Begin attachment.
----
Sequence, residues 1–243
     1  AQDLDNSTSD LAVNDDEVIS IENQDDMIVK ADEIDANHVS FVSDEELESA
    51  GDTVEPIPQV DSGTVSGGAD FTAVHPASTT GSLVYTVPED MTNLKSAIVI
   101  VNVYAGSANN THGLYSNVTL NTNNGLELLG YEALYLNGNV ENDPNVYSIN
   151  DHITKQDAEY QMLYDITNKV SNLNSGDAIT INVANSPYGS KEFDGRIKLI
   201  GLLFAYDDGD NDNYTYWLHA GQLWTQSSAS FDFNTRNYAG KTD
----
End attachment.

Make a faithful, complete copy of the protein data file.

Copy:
Sequence, residues 1–243
     1  AQDLDNSTSD LAVNDDEVIS IENQDDMIVK ADEIDANHVS FVSDEELESA
    51  GDTVEPIPQV DSGTVSGGAD FTAVHPASTT GSLVYTVPED MTNLKSAIVI
   101  VNVYAGSANN THGLYSNVTL NTNNGLELLG YEALYLNGNV ENDPNVYSIN
   151  DHITKQDAEY QMLYDITNKV SNLNSGDAIT INVANSPYGS KEFDGRIKLI
   201  GLLFAYDDGD NDNYTYWLHA GQLWTQSSAS FDFNTRNYAG KTD